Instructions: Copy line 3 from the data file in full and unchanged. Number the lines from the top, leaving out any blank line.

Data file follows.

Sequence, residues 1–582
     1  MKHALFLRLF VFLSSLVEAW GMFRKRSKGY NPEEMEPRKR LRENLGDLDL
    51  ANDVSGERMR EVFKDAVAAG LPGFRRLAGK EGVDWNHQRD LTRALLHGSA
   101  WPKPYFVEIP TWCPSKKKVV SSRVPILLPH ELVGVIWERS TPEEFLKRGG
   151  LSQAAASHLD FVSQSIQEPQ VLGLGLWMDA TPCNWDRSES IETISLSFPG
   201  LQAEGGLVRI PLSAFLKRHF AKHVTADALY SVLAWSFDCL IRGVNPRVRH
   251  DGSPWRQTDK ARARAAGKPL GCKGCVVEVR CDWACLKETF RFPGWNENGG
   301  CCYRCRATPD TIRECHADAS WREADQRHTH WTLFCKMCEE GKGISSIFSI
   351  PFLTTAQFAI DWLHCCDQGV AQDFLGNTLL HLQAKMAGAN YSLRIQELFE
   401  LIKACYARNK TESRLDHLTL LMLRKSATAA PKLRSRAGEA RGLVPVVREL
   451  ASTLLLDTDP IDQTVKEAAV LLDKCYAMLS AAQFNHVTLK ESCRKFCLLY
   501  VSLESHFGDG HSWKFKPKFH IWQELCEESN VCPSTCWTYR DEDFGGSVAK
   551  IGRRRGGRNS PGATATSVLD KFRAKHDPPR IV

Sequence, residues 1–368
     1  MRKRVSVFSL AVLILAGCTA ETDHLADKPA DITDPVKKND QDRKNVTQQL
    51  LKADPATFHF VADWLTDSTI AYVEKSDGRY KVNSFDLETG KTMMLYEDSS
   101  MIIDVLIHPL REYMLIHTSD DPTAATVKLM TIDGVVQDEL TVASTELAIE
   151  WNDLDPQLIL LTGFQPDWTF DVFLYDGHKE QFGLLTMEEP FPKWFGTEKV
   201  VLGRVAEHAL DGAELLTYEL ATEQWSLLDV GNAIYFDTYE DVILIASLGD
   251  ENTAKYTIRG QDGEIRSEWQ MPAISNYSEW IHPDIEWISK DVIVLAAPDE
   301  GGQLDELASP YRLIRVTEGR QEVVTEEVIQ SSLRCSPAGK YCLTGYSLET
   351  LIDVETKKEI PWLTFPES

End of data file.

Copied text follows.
    51  ANDVSGERMR EVFKDAVAAG LPGFRRLAGK EGVDWNHQRD LTRALLHGSA